Bliss in a Blue and White Tin: Sweetened Condensed Milk in Russia
written by Marin Ekstrom, edited by Jacqueline Dufalla and Kelly McMasters. This article was originally published on the blog of Russian in Translation, an volunteer-run organization that provides Russian-to-English translation for Russian institutions. If you are interested in learning more about Russian in Translation, please visit its website at http://ritpitt.weebly.com/
[The iconic blue-and-white tins of Russian sweetened condensed milk. Picture Credit: http://englishrussia.com/images/boil_your_milk_right/1.jpg%5D
They say that ambrosia and nectar are the foods of the gods, but I think sweetened condensed milk has to be pretty close to the top of that list as well. In the United States, this sticky-sweet concoction is only occasionally consumed, and even then, it is primarily reserved for baking purposes. However, sweetened condensed milk is much more widely consumed throughout the world and enjoys particular popularity in Russia. Russians have invented all sorts of creative and delicious uses for sweetened condensed milk (or sgushenka/ sgushyonnoye moloko): they pour it over over blinchiki, spread it in between waffle-like wafers, use it as the “glue” that holds muraveinik anthill cakes, mix it in for honey cakes, use it as fillings for various commercial cakes and candies…the list goes on and on. An especially popular use for sweetened condensed milk involves boiling it – in the can itself – for a few hours, which transforms it into a caramelized spread called varyonoe sgushyonnoye moloko similar to dulce de leche. However, this can prove to be a daunting challenge with potentially dangerous (and messy!) results if the can explodes! Yet no matter what the usage, sweetened condensed milk is a beloved mainstay in kitchens all over Russia.
[Caramelized sweetened condensed milk explosion- AHHH! Picture Credit:http://bashny.net/uploads/images/00/00/13/2013/05/02/2d5c202c7c.jpg%5D
How did sweetened condensed milk garner such popularity in the first place? First, let’s look at how sweetened condensed milk was originally developed. Marco Polo noted that Tatar groups perfected a precursor to condensed milk: “they have milk dried into some kind of paste to carry with them, and when they need food they put this into water…[it] dissolves, and then drink it.” However, sweetened condensed milk in its current, most well-known form was invented in the nineteenth century. Nicholas Appert first “evaporated and preserved milk by heat in a sealed container” in 1810. In 1856, Gail Borden patented a sweetened condensed milk process that utilized heat, sugar, and vacuum pressure that made milk portable, storable, and long-lasting; his invention was an effort to combat food-borne illnesses that stemmed from poor refrigeration and food storing methods at that time. Sweetened condensed milk sales had their first major boost during the American Civil War and quickly gained a reputation as a wartime staple. At the same time, it spread out to international markets, where it also helped alleviate problems with food preservation and distribution. In the case of Russia, its first sweetened condensed milk-producing factory was constructed in Orenburg in 1881. Its popularity really took off during the tumultuous wars that characterized Russia in the first half of the twentieth century (particularly World War II), when supplies of food ran short, resulting in a demand for long-lasting, durable food products. It remained a common treat in Soviet times, especially when chocolates and candies were in short supply. Gradually, it became an endearing symbol of blissful sweetness throughout the USSR. Today, sweetened condensed milk has lost some of its edge due to the wider variety of goods available in Russia’s post-Soviet open markets, but it is still enjoyed by young and old in the country.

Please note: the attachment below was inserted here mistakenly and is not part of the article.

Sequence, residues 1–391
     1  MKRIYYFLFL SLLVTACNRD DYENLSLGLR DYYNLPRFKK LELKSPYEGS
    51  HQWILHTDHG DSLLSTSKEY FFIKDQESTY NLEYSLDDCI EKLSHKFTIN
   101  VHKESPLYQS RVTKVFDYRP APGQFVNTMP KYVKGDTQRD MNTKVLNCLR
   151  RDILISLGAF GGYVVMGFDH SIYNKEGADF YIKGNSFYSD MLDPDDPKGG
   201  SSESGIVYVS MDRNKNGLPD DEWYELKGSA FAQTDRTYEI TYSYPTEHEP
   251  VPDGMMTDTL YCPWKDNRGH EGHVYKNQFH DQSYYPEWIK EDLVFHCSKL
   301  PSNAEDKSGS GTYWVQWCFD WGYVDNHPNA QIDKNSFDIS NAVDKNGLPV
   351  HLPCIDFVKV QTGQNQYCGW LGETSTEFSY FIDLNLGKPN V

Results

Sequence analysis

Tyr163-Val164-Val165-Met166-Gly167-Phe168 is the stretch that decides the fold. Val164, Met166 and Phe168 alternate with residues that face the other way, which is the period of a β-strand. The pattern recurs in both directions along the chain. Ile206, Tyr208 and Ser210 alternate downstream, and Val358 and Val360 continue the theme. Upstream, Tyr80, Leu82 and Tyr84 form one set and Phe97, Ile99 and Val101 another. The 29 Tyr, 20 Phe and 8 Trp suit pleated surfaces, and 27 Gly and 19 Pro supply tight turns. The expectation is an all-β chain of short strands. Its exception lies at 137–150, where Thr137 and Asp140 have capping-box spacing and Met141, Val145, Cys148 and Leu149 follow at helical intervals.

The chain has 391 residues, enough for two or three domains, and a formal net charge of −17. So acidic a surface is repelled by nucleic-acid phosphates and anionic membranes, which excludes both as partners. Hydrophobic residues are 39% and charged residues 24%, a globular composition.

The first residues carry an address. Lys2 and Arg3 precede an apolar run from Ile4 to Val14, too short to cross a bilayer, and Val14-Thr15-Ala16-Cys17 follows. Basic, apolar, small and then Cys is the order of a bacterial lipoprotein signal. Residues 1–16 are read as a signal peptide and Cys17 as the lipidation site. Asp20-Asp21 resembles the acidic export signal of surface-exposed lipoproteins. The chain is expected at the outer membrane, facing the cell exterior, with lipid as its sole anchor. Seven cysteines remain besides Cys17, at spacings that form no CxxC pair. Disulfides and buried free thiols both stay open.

[Blini smothered with sweetened condensed milk. Picture Credit: http://www.zastavki.com/pictures/originals/2014/Holidays___CarnivalPancakes_with_condensed_milkon_Shrove_Tuesday_059243_.jpg%5D
Sweetened condensed milk has earned a well-deserved place as one of Russia’s most beloved treats. Many reasons can be attributed for this status: given that the Tatars first created condensed milk, and the fact that the Tatars and Russians have had a long and rich history of cultural interaction, perhaps Russians view themselves as “pioneers” of the product. Perhaps it is a symbol of wartime hardships or a consistent sweet spot in times of uncertainty and depravity. Whatever the explanation, I think all can agree that condensed milk is delicious, and it will continue to sweeten up Russians’ lives for years to come!
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